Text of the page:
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8. How do condo-hotels differ from a traditional vacation apartment or condominium?

These are not your typical second homes. They are fabulously furnished condominium suites in some of the most famous hotels and resorts in the country. The properties are usually large, high-rise, luxury hotels operated by a big name like Four Seasons, Ritz-Carlton, Sonesta, Starwood, Hilton, Clarion, Regent International, Rosewood, Conrad Hotels, Bulgari, Le Meridien and RCI. Prices typically range from $250,000 to more than $1 million for prime properties.

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9. How do condo-hotels differ from timeshares?

With a timeshare, you're typically allotted just one or two vacation weeks per year. They are sometimes the same weeks unless you go through a process to trade your time with someone else's. You don't actually own any real estate, just the right to use it. With a condo-hotel, you own your unit completely and have much greater usage flexibility. Additionally, when you're not using it and the hotel is able to rent your suite, you receive rental revenue.

Finally, timeshares are often difficult to resell, even if the seller is willing to take a big loss. Once you buy one, you pretty much own it forever. Condo-hotels, on the other hand, because of their limited inventory, are a hot commodity. They will likely appreciate over time and are readily resalable.

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10. Other important questions to ask about Miami Beach condo-hotels.

Before you make a commitment to a condo-hotel project, here are some other essential questions. This list is not all-inclusive, but it's a handy guide to things you should know. I encourage you to print it and take it with you when you visit a building. Please keep in mind that the answers to these questions can vary by project and developer. That's why it's critically important that you understand every nuance of your developer agreement.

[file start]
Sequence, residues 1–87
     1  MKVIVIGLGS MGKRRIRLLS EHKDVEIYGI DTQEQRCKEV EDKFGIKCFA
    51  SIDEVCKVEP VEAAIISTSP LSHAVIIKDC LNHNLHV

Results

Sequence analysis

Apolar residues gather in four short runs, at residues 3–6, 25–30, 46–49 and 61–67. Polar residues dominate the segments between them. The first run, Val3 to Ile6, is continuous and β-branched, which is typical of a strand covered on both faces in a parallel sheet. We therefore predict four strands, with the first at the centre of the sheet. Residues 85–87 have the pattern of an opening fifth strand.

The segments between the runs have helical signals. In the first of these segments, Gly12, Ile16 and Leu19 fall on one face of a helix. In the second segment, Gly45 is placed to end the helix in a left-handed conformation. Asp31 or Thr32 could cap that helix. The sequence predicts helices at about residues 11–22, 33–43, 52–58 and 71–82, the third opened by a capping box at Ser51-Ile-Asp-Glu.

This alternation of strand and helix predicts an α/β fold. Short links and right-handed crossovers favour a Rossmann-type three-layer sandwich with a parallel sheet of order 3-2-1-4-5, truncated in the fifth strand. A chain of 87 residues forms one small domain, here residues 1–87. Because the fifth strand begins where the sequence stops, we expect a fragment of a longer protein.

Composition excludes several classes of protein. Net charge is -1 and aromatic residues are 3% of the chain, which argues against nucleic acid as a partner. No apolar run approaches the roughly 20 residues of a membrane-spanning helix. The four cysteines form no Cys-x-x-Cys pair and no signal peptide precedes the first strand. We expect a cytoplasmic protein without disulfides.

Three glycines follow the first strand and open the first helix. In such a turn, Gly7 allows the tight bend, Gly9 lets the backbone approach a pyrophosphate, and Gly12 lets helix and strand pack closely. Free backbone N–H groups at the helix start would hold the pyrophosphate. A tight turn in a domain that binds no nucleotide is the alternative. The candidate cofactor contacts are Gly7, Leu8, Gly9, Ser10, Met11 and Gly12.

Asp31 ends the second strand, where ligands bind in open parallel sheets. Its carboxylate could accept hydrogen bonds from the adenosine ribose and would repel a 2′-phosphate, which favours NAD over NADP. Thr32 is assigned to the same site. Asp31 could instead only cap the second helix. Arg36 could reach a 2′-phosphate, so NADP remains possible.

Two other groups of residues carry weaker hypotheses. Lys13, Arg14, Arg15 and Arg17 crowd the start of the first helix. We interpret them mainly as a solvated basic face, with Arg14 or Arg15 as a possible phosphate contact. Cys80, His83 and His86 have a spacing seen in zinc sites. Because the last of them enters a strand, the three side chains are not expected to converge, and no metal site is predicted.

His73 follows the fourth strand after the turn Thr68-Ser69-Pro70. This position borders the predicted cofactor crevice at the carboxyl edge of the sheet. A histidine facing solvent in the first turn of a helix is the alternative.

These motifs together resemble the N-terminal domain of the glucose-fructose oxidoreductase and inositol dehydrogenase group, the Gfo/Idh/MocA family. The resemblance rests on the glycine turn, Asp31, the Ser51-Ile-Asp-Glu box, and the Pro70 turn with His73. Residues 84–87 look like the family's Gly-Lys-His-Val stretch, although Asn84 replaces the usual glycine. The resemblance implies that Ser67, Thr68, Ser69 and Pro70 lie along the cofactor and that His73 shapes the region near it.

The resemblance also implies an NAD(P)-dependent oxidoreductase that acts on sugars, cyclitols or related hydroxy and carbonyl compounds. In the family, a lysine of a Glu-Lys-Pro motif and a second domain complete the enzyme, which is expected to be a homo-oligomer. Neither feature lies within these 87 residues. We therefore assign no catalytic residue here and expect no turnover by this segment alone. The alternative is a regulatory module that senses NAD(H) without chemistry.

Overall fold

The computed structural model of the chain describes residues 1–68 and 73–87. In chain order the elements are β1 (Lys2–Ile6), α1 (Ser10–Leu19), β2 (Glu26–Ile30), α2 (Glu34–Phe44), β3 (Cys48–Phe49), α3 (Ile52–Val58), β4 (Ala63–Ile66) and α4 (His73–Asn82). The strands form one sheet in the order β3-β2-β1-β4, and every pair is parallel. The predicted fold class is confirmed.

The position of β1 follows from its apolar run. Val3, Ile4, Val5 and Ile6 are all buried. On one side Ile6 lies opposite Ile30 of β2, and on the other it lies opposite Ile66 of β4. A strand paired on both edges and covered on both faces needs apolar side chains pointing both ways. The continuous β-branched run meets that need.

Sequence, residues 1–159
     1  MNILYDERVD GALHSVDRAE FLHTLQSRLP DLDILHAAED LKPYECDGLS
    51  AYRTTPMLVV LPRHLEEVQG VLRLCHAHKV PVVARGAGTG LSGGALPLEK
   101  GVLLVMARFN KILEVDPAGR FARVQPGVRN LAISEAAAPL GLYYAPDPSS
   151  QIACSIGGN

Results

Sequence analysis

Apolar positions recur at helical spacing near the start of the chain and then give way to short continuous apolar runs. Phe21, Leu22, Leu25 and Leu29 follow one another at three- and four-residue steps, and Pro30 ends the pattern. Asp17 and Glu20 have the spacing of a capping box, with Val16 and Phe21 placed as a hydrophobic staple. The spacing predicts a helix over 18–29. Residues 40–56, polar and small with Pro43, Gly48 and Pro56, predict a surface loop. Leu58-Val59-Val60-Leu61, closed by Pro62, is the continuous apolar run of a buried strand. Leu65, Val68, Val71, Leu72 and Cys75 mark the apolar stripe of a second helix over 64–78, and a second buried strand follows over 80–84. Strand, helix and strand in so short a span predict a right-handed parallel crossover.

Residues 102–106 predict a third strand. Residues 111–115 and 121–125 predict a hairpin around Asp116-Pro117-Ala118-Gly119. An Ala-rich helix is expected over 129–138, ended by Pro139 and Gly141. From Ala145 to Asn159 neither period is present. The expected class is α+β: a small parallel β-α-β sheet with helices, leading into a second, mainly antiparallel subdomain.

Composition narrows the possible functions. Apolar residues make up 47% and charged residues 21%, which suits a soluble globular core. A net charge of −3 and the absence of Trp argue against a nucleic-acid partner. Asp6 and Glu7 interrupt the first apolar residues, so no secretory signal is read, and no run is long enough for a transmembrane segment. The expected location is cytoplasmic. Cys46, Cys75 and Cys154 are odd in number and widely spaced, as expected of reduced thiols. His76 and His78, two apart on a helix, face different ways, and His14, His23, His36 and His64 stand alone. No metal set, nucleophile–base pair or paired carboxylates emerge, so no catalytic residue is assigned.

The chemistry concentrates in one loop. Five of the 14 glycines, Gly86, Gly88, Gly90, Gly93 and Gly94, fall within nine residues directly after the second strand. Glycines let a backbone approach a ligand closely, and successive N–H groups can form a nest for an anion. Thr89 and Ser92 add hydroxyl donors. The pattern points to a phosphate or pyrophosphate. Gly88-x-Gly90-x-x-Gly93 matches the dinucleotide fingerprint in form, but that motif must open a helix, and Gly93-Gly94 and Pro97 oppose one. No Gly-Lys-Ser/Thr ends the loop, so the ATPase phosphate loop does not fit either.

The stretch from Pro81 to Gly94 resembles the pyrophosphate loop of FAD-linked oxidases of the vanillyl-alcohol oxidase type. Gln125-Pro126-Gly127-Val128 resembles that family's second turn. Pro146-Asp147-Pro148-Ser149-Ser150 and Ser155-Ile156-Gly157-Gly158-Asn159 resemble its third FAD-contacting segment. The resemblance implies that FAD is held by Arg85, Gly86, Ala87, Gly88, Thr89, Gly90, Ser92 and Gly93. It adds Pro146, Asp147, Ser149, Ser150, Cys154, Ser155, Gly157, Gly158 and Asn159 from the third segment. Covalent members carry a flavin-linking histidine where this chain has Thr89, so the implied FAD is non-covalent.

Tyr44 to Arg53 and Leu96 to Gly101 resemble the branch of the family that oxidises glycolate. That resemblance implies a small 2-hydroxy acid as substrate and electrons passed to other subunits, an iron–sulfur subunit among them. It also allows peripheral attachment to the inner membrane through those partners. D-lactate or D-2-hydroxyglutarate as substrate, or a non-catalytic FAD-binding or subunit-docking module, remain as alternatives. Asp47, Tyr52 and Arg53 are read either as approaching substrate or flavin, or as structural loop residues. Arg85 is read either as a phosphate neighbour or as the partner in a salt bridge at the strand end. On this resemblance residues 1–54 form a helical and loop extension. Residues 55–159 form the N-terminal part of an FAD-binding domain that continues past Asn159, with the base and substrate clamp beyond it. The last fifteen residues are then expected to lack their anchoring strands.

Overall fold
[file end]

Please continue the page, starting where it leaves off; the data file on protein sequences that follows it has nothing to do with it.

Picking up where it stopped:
• Is an owner required to participate in the rental program?
  • How does the rental program work?
  • How are rental revenues shared?
  • Is my unit furnished?
  • Who will manage the property?
  • When are proceeds distributed?
  • Will I have access to all the amenities of the hotel?
  • What are my voting rights as a condo-hotel unit owner? Do I have the same access to property books and records as regular condo unit owners?
  • Will I always be able to stay in my own room/suite?
  • When can I use my room/suite?
  • Can a condo-hotel be financed?
  • What kind of room rental rotation system does the hotel use to insure fair exposure for my unit?
  • May I offer my unit to friends and family?
  • What if one of my guests or I damage the furniture in my unit?
  • When I am not occupying my unit, may I have use of the hotel's facilities?
  • What are the insurance requirements for my unit?
  • Who pays the property tax on my unit?
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Tell Kevin More About Your Miami Beach Condo-Hotel Objectives

Some Miami Beach condo-hotels sell out in a matter of days or a few weeks! Tell Kevin more about your buying objectives, and sign up for condo-hotel announcements now.

Kevin Tomlinson is an independent Realtor associated with Calibre International Realty. Kevin recommends that buyers, sellers, investors and renters of/in real estate consult legal, financial and investment professionals for specialized advice.

Learn How to Avoid Paying Too Much In Miami Beach's Competitive Real Estate Market
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Kevin Tomlinson